Forms: Forms can be used in different ways for product scoring, such as by identifying which form is tied to a specific product or by identifying picklist field values that indicate an interest in a particular offering. We’ve seen many instances where forms were not leveraged to their full potential for product scoring.
If you have a demo form for example, make sure you capture the product the person is interested in getting a demo for rather than keeping this form generic. It will help associate the product score that should be increased, but it will also accelerate the routing of the request to the right sales representative and allow you to tailor future communications with this lead appropriately.
Interesting Moments: Interesting Moments is another way to recognize an interest in a product if they follow a naming convention that incorporates a product identifier.
Step 4 – Identify the thresholds
Determine the score thresholds that will trigger the actions your organization wants to see occur (ex.: addition to a product-specific nurture program, considering the person as MQLed for a product, etc).
We recommend using product grades as thresholds rather than a total product score. The product grade is obtained by combining the product-specific demographic (which reflects the level of fit with the ICP) and behavior score (which reflects the level of engagement) into a matrix where the demographic score corresponds to a letter, and the behavioral score corresponds to a number.
This method allows more flexibility and granularity than a simple person score threshold (e.g., “100 points”) and can reflect your organization’s priorities with respect to demographic fit and engagement.
For example, a person with a low demographic score (26-50) is in the “C” tier for fit. They will only be considered MQLed if they have very high engagement (70+), in the “1” tier for engagement. However, a person with a very high demographic fit of 76 (in the “A” tier for fit) will qualify with a much lower behavioral score, since they are presumably of much higher interest to the sales team.
Different combinations or grades can be used to trigger other actions such as sending a personalized offer, adding the person to a nurture stream, etc.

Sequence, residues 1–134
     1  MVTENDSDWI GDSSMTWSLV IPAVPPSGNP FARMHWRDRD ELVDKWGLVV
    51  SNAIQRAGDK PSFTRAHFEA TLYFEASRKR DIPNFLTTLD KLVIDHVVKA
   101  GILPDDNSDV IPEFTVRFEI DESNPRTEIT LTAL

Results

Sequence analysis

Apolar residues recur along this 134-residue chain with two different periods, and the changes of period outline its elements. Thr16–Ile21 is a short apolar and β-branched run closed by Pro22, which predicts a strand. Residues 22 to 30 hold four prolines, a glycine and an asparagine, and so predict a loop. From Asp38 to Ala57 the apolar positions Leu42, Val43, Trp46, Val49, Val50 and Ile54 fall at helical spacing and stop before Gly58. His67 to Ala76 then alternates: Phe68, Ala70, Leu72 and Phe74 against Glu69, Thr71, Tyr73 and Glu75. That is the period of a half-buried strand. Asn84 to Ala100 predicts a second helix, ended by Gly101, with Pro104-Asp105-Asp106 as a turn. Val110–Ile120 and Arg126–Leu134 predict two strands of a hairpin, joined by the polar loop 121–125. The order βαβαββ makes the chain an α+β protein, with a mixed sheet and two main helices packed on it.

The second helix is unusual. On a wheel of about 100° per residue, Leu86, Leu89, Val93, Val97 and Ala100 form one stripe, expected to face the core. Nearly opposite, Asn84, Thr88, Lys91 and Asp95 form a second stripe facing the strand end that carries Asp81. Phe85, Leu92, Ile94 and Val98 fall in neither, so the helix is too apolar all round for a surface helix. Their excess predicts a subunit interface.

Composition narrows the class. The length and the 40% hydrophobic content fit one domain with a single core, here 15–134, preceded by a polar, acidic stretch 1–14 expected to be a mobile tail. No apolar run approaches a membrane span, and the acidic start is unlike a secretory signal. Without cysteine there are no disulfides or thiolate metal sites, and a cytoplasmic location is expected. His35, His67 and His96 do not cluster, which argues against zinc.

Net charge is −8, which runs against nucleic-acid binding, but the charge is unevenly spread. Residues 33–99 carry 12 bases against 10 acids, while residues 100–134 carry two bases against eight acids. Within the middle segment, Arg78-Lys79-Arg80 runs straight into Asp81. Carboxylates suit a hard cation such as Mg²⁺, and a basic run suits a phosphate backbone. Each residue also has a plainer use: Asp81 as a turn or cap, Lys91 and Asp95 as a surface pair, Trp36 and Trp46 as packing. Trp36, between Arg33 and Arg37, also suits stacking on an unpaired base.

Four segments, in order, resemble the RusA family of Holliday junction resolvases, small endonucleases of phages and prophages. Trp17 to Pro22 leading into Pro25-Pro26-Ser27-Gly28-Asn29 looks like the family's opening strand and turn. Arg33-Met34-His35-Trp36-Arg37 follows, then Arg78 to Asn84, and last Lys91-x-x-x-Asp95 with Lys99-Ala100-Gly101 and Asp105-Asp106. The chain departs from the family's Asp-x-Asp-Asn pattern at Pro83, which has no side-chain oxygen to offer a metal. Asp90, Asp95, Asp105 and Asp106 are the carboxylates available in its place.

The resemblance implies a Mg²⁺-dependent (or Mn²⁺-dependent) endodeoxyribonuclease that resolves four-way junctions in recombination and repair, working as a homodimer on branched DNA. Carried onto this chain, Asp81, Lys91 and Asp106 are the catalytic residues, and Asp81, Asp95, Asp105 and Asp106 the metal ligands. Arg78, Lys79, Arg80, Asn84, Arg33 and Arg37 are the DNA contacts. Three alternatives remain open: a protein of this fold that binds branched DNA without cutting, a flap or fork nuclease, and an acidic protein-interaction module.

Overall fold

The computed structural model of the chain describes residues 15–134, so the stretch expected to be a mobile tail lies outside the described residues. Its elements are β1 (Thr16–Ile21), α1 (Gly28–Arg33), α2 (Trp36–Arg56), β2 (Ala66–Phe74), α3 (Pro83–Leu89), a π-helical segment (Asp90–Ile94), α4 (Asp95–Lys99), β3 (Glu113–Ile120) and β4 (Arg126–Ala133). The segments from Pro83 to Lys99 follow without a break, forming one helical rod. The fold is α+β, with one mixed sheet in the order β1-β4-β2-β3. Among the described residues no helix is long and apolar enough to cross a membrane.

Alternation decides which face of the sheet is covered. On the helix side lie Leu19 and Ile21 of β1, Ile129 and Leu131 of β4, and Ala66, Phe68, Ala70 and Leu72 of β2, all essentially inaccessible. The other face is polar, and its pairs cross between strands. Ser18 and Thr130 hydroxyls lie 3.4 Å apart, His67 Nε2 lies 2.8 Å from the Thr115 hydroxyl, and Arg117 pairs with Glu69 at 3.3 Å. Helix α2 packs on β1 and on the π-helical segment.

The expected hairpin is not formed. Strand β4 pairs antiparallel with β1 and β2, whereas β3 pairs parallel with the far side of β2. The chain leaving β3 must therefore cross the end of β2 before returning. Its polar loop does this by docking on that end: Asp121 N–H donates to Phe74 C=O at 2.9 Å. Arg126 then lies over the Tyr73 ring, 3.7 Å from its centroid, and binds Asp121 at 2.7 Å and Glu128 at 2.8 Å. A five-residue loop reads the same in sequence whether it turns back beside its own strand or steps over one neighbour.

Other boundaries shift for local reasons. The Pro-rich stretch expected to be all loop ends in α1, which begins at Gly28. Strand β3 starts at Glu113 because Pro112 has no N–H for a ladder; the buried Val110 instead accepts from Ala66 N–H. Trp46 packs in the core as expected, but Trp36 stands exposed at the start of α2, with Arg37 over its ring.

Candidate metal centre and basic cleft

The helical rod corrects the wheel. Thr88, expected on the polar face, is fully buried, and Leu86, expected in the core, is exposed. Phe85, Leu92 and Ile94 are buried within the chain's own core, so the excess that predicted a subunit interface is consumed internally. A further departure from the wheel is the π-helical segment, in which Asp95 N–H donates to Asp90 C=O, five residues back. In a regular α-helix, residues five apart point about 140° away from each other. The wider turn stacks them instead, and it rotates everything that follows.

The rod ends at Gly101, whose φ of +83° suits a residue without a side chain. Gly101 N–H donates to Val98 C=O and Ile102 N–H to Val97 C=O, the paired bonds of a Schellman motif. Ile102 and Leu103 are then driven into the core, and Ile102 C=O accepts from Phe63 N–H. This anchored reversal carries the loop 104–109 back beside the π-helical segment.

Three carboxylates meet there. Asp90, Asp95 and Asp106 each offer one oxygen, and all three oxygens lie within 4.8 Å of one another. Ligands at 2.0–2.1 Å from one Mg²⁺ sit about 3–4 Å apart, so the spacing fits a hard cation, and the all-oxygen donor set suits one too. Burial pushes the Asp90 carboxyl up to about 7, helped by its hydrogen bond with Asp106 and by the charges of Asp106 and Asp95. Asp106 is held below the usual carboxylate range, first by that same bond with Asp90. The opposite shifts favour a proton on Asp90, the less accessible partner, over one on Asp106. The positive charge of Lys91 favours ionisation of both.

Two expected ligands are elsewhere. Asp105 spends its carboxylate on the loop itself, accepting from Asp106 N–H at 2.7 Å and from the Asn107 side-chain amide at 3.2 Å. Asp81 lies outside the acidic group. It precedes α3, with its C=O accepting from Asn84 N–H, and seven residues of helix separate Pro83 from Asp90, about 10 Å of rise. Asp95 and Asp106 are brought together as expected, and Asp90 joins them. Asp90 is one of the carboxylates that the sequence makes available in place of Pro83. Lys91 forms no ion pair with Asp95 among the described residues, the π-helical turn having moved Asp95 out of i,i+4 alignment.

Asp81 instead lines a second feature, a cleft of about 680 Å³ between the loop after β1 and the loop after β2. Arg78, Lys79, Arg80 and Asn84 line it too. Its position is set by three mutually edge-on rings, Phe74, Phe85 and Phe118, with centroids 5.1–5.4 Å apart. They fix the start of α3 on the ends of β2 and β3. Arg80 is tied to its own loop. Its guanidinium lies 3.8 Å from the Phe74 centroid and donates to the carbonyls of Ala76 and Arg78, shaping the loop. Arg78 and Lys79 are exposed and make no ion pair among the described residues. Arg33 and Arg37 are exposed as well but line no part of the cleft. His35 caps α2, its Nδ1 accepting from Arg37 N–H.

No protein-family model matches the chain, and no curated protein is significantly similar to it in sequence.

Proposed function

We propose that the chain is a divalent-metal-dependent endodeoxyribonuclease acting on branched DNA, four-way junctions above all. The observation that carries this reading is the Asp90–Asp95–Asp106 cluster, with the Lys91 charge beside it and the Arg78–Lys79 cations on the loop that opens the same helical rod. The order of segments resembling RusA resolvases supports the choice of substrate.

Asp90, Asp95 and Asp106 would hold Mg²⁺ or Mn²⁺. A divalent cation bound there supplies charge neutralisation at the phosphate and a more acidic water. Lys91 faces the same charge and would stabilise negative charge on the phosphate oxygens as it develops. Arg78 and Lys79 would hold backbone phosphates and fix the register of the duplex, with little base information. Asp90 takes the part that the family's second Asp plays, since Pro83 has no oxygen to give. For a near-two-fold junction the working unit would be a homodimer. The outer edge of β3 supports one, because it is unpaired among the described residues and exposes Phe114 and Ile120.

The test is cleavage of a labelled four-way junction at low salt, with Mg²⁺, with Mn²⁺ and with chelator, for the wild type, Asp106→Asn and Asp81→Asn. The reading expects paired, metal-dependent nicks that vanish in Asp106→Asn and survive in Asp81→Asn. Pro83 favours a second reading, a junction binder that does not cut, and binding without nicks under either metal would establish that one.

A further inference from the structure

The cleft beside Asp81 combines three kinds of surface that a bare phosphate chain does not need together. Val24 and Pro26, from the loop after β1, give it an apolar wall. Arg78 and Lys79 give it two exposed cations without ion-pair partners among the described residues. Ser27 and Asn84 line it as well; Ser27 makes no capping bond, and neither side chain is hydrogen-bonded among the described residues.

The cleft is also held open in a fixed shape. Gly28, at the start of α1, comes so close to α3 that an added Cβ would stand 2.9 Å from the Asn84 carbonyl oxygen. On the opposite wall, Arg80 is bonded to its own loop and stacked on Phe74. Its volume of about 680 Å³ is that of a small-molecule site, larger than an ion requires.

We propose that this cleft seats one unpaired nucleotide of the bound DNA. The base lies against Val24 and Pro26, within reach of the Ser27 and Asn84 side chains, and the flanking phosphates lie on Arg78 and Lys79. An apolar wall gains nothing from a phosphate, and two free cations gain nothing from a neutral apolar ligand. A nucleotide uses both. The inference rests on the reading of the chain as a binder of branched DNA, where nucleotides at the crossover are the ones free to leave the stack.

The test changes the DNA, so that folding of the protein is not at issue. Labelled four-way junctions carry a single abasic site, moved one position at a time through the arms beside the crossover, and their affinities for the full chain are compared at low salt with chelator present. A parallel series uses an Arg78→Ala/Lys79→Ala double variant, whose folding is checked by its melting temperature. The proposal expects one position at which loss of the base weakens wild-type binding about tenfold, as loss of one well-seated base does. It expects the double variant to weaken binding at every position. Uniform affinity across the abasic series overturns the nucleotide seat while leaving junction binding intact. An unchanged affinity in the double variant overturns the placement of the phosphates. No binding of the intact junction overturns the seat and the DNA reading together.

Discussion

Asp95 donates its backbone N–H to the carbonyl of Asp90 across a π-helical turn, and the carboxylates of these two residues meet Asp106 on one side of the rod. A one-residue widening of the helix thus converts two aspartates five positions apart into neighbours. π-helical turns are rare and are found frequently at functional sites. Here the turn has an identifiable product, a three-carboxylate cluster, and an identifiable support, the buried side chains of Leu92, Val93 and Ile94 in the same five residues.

This matrix idea can also be used for combinations other than demographic and behavioral scores. In some cases, organizations might need to sum scores together. In such cases, using external tools such as FlowBoost can be a great way to achieve the desired results.
Whatever method you choose to identify the leads ready for the next step in their journey, make sure their product of interest is clear. Stamping the name of the product of interest into a dedicated string field once they reach the MQL stage for that product is a great way to communicate which product-aligned resources the prospect is engaging with.
Step 5- Stay organized!
It’s good practice to keep all the information about the signals you want to score on, the ways each of those actions will be tied to each product, and the score increase/decrease associated with each of those elements.
We recommend creating a scoring matrix that will present for each product the behavioral and demographic signals you will monitor, how they will be tracked, whether they will create an Interesting Moment, the product score value increase/decrease they will trigger, as well as the token name they will be associated with.
Create this matrix before you build the program in Marketo; it will make it easier for your team to identify any discrepancies than it will be in the platform, and it can act as a blueprint for building out the program in your instance.
With various product-scoring models available, it’s essential to weigh their pros and cons to determine the most suitable one for your needs. Centralizing and organizing the model while keeping scalability in mind will ensure its effectiveness in the long run.
Invest time in creating a robust methodology that enables your team to accurately associate interest signals with the relevant products. Remember, testing and continuous adjustments are typical and expected. Just like lead scoring, implementing a product-scoring program is an iterative process that requires patience and adaptation. The program should evolve alongside your audience and the ever-changing market dynamics.
By adopting these principles, you will unlock the power of product scoring, enabling you to deliver targeted marketing efforts, enhance sales prioritization, and drive revenue growth.